Nevada Increases Elk Tags in Lincoln County
Nevada's first Elk Damage Arbitration Panel convened in Lincoln County in May to settle a farmer's claim regarding elk damage to his alfalfa and potato fields. The panel met twice to settle the landowner claim for $57,000 in damages, which was reduced to $10,000.
"The challenge in this case is that it is difficult to assess damage you can't see to the potato crop – unlike alfalfa – and there was no history of crop yield for comparison," explained Russ Mason, Game Division Chief with the Nevada Department of Wildlife (NDOW).
Elk damage on private lands has been an issue in Lincoln County since the first complaint in the fall of 1989. Over the past 18 years NDOW has spent $116,281 for elk damage on private lands and spent $117,000 for installation of elk-proof fencing in various locations in Lincoln County.
The panel also recommended an increase in the number of depredation cow tags from 20 to 40. The Nevada Board of Wildlife Commissioners approved this increase at their May commission meeting.
The increased number of elk tags issued to the landowner may result in an increased harvest, although hunting elk in the area surrounding the property is challenging. "Sighting an elk among the piñon and juniper trees on the slopes adjacent the farm is extremely difficult," explained Mason.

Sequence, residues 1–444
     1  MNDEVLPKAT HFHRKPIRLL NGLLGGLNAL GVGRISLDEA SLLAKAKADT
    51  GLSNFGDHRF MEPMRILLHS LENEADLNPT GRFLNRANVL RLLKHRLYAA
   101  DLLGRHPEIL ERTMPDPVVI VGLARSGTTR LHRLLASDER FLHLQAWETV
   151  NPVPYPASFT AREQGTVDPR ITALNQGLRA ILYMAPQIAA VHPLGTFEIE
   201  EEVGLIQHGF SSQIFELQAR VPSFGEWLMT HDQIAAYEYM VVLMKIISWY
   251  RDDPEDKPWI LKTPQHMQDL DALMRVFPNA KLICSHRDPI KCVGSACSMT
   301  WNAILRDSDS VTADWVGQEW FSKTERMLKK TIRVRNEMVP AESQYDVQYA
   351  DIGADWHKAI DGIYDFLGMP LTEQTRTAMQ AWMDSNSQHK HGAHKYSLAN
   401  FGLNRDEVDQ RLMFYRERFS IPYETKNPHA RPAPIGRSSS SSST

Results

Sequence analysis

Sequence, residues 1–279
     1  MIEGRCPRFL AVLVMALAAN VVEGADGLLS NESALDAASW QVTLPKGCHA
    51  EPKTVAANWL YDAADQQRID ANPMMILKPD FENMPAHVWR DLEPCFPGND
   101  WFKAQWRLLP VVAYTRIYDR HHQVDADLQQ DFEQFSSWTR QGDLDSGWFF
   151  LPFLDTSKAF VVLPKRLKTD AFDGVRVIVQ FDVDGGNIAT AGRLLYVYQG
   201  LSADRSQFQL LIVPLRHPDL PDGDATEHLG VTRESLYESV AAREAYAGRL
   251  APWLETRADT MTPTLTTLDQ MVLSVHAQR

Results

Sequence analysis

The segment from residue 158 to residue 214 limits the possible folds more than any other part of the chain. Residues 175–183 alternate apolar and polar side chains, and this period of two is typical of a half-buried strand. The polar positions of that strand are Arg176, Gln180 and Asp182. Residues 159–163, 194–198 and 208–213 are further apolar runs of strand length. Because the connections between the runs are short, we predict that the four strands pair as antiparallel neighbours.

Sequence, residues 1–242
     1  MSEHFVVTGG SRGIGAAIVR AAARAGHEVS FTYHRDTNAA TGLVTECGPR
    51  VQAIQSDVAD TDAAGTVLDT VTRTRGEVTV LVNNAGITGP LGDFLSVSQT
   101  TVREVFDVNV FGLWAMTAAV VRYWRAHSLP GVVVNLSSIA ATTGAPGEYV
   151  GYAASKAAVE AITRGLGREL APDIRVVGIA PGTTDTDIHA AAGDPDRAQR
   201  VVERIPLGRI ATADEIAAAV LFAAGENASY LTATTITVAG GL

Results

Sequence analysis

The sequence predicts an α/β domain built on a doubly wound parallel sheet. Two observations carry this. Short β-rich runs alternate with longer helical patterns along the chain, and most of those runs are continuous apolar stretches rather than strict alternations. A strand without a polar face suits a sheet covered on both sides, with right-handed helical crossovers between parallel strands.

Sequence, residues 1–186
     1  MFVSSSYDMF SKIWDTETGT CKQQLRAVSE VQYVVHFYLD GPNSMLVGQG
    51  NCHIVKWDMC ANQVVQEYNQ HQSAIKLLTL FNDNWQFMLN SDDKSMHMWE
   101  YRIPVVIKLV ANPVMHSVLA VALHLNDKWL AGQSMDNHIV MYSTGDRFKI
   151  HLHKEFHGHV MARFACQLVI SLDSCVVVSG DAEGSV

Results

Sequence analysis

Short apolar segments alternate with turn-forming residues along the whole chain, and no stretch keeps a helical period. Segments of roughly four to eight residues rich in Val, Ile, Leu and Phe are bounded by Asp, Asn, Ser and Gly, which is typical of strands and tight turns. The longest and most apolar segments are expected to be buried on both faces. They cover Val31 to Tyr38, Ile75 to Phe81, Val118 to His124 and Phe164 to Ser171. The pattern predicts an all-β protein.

"Piñon -juniper encroachment is the real issue we’re facing," Mason continued. "These trees make for unproductive habitat for most species, and force species like elk to seek food elsewhere. Piñon-juniper also create a fire hazard and severely compromises range quality for livestock production," Mason said.
The Bureau of Land Management manages piñon and juniper woodlands and other vegetation types with the goal of maintaining or improving the health of these ecosystems. Currently, the BLM is mechanically thinning more than 1,900 acres of woodlands in eastern Nevada. Thinning reduces competition for water and nutrients for the remaining trees and other vegetation types in the ecosystem.
NDOW's available cash for elk management projects, funded by a fee added to elk tag applications, may soon become insufficient to meet demand for elk-proof fencing.
Elk arbitration panels have been required under Nevada Administrative Code since 1998, however this is the first time one has convened to settle a dispute. Panels are comprised of an agricultural representative, a business representative, and a sportsmen's representative. Names are recommended to the panel by the County Advisory Board to Manage Wildlife and are approved by the Nevada Board of Wildlife Commissioners.